• Repeatability of the study findings: If the results of one group of investigators are duplicated by independent investigators, that lends further support to the cause/effect relationship.

While adherence to all these criteria suggests causality for observational studies, a statistical approach called causal inference can actually establish causality. The technique, which was spearheaded by Judea Pearl, Ph.D., winner of the 2011 Turing Award, is considered revolutionary by many thought leaders and will likely have profound implications for clinical medicine, and for the role of AI and machine learning. During the recent Mayo Clinic Artificial Intelligence Symposium, Adrian Keister, Ph.D., a senior data science analyst at Mayo Clinic, concluded that causal inference is “possibly the most important advance in the scientific method since the birth of modern statistics — maybe even more important than that.”

Conceptually, causal inference starts with the conversion of word-based statements into mathematical statements, with the help of a few new operators. While that may sound daunting to anyone not well-versed in statistics, it’s not much different than the way we communicate by using the language of arithmetic. A statement like fifteen times five equals seventy five is converted to 15 x 5 = 75. In this case, x is an operator. The new mathematical language of causal inference might look like this if it were to represent an observational study that evaluated the association between a new drug and an increase in patients’ lifespan: P (L|D) where P is probability, L, lifespan, D is the drug, and | is an operator that means “conditioned on.”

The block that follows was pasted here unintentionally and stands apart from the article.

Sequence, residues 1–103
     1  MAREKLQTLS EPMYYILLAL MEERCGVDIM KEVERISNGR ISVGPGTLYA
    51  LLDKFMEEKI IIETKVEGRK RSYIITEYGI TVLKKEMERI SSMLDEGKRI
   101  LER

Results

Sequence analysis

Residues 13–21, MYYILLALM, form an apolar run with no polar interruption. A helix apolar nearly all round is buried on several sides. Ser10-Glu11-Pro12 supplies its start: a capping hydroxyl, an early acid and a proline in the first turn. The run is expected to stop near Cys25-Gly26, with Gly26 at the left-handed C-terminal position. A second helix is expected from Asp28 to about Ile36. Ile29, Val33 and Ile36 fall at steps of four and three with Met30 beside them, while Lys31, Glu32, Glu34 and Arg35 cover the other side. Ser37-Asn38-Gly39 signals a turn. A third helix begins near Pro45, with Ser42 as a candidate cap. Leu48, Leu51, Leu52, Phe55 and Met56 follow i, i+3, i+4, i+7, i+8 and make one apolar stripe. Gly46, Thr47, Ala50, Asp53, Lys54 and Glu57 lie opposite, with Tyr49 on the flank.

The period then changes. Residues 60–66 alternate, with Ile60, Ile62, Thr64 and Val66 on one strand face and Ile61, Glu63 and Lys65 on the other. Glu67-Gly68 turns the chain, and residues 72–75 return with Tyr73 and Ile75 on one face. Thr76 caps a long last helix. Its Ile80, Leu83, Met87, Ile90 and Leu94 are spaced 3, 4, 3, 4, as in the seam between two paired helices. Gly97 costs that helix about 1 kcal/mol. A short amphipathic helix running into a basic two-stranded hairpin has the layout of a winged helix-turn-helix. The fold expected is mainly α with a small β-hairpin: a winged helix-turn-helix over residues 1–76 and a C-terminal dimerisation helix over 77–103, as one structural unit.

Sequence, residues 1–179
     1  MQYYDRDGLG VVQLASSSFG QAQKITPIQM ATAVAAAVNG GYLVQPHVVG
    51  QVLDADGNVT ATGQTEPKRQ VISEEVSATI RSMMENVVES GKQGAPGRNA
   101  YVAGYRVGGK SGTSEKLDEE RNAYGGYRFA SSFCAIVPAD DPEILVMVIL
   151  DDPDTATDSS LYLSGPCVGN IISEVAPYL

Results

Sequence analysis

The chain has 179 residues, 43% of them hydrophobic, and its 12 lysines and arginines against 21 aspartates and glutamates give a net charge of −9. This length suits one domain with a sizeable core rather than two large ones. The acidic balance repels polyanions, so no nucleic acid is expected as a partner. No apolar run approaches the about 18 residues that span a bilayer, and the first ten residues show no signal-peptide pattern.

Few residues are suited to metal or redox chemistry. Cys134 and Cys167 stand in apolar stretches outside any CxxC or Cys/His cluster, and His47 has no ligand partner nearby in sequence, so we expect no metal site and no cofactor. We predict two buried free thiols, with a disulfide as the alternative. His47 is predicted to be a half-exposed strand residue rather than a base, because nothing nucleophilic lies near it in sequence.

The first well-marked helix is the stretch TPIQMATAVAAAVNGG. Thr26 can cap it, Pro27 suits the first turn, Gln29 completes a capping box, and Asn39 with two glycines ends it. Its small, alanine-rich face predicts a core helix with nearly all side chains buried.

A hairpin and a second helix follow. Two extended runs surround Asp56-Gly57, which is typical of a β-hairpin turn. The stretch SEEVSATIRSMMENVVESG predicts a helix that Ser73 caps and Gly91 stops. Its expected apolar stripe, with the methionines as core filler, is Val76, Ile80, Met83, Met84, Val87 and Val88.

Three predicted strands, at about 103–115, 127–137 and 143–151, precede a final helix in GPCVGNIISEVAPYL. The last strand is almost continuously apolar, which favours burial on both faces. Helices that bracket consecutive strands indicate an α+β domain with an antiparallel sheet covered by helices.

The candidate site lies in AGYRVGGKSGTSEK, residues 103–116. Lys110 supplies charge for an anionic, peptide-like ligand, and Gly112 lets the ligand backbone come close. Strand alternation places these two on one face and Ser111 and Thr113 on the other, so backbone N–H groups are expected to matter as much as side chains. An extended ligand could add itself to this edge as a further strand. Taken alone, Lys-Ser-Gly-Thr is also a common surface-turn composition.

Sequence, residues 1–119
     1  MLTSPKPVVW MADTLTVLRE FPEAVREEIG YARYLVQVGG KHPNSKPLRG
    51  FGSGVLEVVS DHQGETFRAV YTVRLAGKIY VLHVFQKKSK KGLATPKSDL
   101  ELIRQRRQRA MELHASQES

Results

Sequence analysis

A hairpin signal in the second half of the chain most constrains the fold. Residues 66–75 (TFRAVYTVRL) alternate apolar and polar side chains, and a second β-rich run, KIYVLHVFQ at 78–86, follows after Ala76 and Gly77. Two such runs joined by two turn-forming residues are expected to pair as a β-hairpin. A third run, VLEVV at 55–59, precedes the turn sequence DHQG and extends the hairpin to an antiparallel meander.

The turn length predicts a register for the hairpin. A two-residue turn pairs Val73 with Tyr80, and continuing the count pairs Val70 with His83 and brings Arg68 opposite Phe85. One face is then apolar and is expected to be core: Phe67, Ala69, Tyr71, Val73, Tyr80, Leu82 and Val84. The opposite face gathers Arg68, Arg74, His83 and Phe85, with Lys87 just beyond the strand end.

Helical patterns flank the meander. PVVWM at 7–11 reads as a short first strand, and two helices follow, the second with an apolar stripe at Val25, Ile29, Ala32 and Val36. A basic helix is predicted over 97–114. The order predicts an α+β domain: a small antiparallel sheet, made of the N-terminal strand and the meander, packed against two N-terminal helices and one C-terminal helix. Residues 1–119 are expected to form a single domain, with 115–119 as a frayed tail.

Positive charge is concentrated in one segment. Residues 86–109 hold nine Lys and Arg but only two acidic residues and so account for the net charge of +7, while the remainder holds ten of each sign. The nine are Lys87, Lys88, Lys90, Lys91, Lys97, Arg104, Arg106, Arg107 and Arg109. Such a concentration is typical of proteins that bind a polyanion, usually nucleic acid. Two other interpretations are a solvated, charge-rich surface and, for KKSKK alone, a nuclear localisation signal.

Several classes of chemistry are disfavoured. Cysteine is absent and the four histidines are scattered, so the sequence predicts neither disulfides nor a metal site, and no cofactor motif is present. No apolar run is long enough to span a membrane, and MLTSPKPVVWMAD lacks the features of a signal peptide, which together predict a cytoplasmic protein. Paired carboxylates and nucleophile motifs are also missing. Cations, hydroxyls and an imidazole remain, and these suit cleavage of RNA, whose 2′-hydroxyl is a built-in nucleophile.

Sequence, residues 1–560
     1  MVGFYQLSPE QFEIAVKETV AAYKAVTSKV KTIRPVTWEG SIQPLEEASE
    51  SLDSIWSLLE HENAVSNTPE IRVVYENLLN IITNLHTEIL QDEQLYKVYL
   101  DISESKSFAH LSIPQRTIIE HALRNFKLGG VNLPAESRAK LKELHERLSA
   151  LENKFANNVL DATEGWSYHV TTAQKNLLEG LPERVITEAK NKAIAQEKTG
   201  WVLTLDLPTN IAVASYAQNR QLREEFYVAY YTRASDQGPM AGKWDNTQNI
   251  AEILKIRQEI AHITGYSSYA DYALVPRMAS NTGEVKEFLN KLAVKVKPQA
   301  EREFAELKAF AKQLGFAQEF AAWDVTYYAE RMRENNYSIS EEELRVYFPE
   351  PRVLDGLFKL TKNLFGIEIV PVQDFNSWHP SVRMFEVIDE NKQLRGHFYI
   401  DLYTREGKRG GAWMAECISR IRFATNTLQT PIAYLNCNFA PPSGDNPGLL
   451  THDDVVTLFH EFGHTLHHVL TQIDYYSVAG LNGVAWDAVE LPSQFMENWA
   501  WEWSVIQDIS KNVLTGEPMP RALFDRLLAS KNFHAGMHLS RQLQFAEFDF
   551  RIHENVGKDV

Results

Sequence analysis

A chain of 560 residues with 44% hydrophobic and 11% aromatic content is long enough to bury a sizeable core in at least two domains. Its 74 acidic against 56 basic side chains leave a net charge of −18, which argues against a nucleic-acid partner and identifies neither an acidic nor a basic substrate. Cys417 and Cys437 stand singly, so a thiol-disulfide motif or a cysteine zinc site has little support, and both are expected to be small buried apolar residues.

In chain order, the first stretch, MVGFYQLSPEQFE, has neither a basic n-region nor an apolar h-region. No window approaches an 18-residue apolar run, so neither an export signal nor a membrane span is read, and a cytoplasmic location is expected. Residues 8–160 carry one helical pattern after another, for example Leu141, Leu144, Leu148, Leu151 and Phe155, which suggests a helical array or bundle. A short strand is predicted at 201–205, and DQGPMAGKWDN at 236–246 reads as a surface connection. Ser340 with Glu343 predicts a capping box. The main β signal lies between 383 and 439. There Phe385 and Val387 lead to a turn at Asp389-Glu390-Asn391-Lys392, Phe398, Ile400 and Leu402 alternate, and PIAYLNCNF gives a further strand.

An interventional trial such as an RCT, on the other hand, would be written as X causes Y if P (L|do (D)) > P(Y), in which case the do-operator refers to the intervention, i.e., giving the drug in a controlled setting. This formula is a way to of saying X (the drug being tested), causes Y (longer life) if the results of the intervention are greater than the probability of a longer life without administering the drug, in other words, the probability in the placebo group, namely P(Y).

This innovative technique also uses causal graphs to show the relationship of a confounding variable to a proposed cause/effect relationship. Using this kind of graph, one can illustrate how the tool applies in a real-world scenario. Consider the relationship between smoking and lung cancer. For decades, statisticians and policy makers argued about whether smoking causes the cancer because all the evidence supporting the link was observational. The graph would look something like this.

Figure 1:

G is the confounding variable — a genetic predisposition for example — S is smoking and LC is lung cancer. The implication here is that if a third factor causes persons to smoke and causes cancer, one cannot necessarily conclude that smoking causes lung cancer.  What Pearl and his associates discovered was that if an intermediate factor can be identified in the pathway between smoking and cancer, it’s then possible to establish a cause/effect relationship between the 2 with the help of a series of mathematical calculations and a few algebraic rewrite tools. As figure 2 demonstrates, tar deposits in the smokers’ lung are that intermediate factor.  

Figure 2:

For a better understanding of how causal inference works, Judea Pearl’s The Book of Whyis worth a closer look. It provides a plain English explanation of causal inference. For a deeper dive, there’s Causal Inference in Statistics: A Primer.

Had causal inference existed in the 1950s and 1960s, the argument by tobacco industry lobbyists would have been refuted, which in turn might have saved many millions of lives. The same approach holds tremendous potential as we begin to apply it to predictive algorithms and other machine-learning based digital tools.